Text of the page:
U.S. economic growth in the third quarter expanded at an annual rate of 2.1 percent, up from its previous estimate of 1.9 percent, the U.S. Commerce Department reported Wednesday.
According to the second estimate released by the Bureau of Economic Analysis, upward revisions to private inventory investment, non-residential fixed investment, and personal consumption expenditures were partially offset by a downward revision to state and local government spending.
The 2.1 percent growth rate in the third quarter, which is slightly up from the 2 percent in the second quarter, marks a sharp deceleration from the 3.1 percent in the first quarter.
Robert Kaplan, president of the Federal Reserve Bank of Dallas, said in an interview with CNBC on Tuesday that he expected the U.S. economic growth to "be weak" in the fourth quarter of the year as businesses cut inventories due to trade uncertainty.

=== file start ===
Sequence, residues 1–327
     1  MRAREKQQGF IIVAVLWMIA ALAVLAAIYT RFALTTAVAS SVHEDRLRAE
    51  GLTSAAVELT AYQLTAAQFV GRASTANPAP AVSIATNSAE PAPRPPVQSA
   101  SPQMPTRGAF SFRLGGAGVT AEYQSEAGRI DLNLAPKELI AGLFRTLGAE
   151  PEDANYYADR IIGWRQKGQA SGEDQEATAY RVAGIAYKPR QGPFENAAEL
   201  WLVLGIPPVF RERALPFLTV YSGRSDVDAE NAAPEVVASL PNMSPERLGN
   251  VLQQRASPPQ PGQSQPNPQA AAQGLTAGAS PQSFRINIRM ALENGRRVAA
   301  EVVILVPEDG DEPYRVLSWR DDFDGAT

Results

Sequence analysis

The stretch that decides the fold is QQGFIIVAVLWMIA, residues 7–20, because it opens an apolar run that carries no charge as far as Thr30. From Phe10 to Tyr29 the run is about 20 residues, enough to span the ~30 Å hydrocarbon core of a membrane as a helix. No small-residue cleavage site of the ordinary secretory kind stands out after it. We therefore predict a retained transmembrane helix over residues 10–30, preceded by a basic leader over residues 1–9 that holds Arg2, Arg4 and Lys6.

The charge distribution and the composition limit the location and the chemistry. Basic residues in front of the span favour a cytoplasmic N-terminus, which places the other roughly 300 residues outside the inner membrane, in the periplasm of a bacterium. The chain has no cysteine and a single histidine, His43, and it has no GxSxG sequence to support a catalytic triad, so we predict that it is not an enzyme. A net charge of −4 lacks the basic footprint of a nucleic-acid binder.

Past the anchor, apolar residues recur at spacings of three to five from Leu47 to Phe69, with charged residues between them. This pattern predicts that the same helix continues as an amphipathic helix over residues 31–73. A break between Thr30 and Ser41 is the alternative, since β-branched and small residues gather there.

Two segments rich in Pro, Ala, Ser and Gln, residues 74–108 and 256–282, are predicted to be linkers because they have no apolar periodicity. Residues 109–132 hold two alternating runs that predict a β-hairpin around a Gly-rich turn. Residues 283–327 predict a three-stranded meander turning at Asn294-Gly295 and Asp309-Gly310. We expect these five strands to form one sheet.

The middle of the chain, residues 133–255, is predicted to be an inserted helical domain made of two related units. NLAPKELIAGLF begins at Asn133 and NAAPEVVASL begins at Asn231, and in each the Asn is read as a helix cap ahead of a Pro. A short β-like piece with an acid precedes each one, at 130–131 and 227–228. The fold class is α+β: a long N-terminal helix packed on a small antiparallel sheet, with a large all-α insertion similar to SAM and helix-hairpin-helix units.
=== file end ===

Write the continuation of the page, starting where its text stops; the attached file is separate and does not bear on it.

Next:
"One of the reasons the fourth quarter is going to be weak, we believe, is probably a significant inventory adjustment, which might be as much as half a percent or more of GDP (gross domestic product) growth," said the senior Fed official.
According to the latest forecast released by the Federal Reserve Bank of Atlanta last week, U.S. economic growth is expected to fall to an annual rate of 0.4 percent in the fourth quarter.
The Fed has already lowered interest rates three times since July, amid growing risks and uncertainties stemming from trade tensions, weakness in global growth and muted inflation pressures. These policy adjustments put the current federal funds rate target range at 1.5 to 1.75 percent.